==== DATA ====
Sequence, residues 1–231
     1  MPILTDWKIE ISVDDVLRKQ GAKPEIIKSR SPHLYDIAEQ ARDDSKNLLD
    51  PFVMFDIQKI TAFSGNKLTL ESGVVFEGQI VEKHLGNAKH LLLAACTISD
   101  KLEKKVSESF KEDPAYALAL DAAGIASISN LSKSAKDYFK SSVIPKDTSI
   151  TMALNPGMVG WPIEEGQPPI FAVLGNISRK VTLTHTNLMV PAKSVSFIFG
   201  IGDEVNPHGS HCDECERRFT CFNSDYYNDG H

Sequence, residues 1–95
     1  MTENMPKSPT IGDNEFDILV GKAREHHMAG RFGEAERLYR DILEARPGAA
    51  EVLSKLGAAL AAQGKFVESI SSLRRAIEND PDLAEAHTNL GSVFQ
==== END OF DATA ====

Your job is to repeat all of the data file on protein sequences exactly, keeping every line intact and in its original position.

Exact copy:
Sequence, residues 1–231
     1  MPILTDWKIE ISVDDVLRKQ GAKPEIIKSR SPHLYDIAEQ ARDDSKNLLD
    51  PFVMFDIQKI TAFSGNKLTL ESGVVFEGQI VEKHLGNAKH LLLAACTISD
   101  KLEKKVSESF KEDPAYALAL DAAGIASISN LSKSAKDYFK SSVIPKDTSI
   151  TMALNPGMVG WPIEEGQPPI FAVLGNISRK VTLTHTNLMV PAKSVSFIFG
   201  IGDEVNPHGS HCDECERRFT CFNSDYYNDG H

Sequence, residues 1–95
     1  MTENMPKSPT IGDNEFDILV GKAREHHMAG RFGEAERLYR DILEARPGAA
    51  EVLSKLGAAL AAQGKFVESI SSLRRAIEND PDLAEAHTNL GSVFQ